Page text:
The Jackson Laboratory receives NCI-MATCH designation

honey reddi group
Honey Reddi and the team from the Clinical Genomics Laboratory in Farmington, Connecticut.

The Clinical Genomics Laboratory will participate as an NCI-MATCH designated laboratory, helping to connect potentially eligible cancer patients at NCI-MATCH sites with clinical trials.

The Jackson Laboratory (JAX) today announced that its Clinical Genomics Laboratory is participating as a CLIA-certified/accredited laboratory for the NCI-Molecular Analysis for Therapy Choice (NCI-MATCH or EAY131) precision medicine clinical trial.

As a new NCI-MATCH designated laboratory, JAX’s Clinical Genomics Laboratory will look at tumor gene abnormalities to help clinicians identify and refer potentially eligible patients to NCI-MATCH clinical trials. Patients are eligible for genomic testing if they are currently being treated at an NCI-MATCH participating site. “As a nonprofit institute, this program allows JAX to continue our unswerving focus on genetics and genomics to significantly improve human health,” said Clinical Lab director at JAX Genomic Medicine. “To play a role in connecting patients – often those with no other options – with precision medicine cancer trials, to help clinicians give their patients better options, is truly a gift.”

NCI-MATCH is the largest precision medicine cancer trial to date. It identifies personalized treatments for cancer patients based upon genomic changes in tumors, which are found through genomic sequencing and other tests. The program seeks to determine the effectiveness of treatment that is directed by genomic profiling in patients with solid tumors, lymphomas, or myelomas that have progressed following standard treatments, or for rare cancer types for which there is no standard treatment. Tumor Gene testing by a designated lab is the only pathway for patients to enroll into NCI-MATCH.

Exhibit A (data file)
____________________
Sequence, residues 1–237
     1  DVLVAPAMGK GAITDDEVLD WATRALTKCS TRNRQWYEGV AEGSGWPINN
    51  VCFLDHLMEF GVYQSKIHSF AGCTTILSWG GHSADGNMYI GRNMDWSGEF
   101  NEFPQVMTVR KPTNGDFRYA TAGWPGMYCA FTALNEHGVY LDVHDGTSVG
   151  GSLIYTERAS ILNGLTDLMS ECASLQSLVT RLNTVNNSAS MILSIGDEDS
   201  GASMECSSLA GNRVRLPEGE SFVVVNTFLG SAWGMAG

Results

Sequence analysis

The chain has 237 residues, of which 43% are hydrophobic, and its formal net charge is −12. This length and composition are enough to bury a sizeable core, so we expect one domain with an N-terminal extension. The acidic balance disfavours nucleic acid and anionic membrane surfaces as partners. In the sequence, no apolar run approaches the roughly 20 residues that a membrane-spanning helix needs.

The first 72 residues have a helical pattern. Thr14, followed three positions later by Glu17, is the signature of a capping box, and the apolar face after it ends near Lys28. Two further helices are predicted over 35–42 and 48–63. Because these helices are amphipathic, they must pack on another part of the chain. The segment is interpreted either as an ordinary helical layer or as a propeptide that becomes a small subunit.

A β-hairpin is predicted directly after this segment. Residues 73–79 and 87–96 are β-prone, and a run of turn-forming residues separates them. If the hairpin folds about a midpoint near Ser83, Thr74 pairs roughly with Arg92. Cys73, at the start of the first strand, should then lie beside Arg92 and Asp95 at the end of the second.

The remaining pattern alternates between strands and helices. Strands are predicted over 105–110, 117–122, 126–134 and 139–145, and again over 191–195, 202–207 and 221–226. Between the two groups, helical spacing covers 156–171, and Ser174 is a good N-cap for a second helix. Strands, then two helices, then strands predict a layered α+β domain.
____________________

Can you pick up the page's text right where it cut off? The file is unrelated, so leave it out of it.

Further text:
“Tumor profiling and genomic testing are becoming common in daily practice for oncologists to help guide clinical care for cancer patients,” said NCI-MATCH study co-chair James V. Tricoli, Ph.D., Chief, Diagnostic Biomarkers and Technology Branch, Cancer Diagnosis Program, Division of Cancer Treatment and Diagnosis at the NCI. “We require qualifying laboratories [like The Jackson Laboratory] to proactively identify potentially eligible patients for the NCI-MATCH trial.” “NCI-MATCH is a discovery trial whose very nature—identifying and exploring knowledge gaps in precision oncology, and advancing new hypotheses—means studying small subsets of patients,” said ECOG-ACRIN study chair Keith T. Flaherty, MD, director of Clinical Research at the Massachusetts General Hospital Cancer Center, and professor of medicine at Harvard Medical School. “We are qualifying additional laboratories so we can cast a wider net for patients with the biomarkers of interest.”

“We are excited to have the opportunity to contribute to improving the treatment and management of cancer,” said Honey Reddi, Ph.D., FACMG, Clinical Lab director at JAX Genomic Medicine. “This is a significant milestone and a testament to our excellent work as a genomic testing laboratory.”

The JAX Clinical Genomics laboratory, is CLIA/CAP accredited and integrates the latest sequencing technologies with the insights of an experienced multidisciplinary team of specialists and scientists to help clinicians and translational researchers select the best options for personalized care. The clinical laboratory offers ActionSeq™ (212 genes), FusionSeq™2.0 (56 genes), and the Cancer Treatment Profile™ (358 gene) testing panels, which assess all identified functional variants for clinical relevance in the treatment and management of cancer. 

The NCI-MATCH trial is co-led by the National Cancer Institute (NCI), part of the National Institutes of Health, and ECOG-ACRIN Cancer Research Group (ECOG-ACRIN). To learn more about NCI-MATCH, including clinical trial sites across the country, visit